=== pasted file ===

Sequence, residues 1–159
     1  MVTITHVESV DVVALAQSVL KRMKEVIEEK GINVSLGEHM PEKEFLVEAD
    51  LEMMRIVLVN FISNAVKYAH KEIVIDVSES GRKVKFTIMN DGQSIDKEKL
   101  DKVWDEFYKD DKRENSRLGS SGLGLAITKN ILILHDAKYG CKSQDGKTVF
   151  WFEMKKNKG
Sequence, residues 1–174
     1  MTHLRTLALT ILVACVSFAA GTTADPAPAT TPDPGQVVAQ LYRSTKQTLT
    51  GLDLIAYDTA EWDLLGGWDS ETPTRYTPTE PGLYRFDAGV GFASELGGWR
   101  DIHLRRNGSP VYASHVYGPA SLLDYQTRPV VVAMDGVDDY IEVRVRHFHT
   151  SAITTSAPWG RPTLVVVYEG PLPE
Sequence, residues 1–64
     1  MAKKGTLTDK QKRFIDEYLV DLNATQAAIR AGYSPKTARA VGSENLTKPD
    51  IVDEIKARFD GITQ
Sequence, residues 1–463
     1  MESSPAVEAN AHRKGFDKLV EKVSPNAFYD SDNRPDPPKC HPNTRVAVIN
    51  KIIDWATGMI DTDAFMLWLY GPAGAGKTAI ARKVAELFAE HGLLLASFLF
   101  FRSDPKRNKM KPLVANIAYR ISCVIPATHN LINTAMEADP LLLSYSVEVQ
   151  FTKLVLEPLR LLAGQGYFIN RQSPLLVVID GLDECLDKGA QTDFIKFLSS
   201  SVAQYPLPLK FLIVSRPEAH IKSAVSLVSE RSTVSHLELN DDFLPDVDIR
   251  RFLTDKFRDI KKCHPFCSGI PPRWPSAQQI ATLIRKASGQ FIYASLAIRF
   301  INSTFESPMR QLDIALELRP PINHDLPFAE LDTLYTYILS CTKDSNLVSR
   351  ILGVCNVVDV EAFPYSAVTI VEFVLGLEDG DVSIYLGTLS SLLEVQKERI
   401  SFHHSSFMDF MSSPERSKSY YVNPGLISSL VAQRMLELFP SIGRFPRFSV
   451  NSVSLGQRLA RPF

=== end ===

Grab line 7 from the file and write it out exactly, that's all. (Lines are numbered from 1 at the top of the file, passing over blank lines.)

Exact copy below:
     1  MTHLRTLALT ILVACVSFAA GTTADPAPAT TPDPGQVVAQ LYRSTKQTLT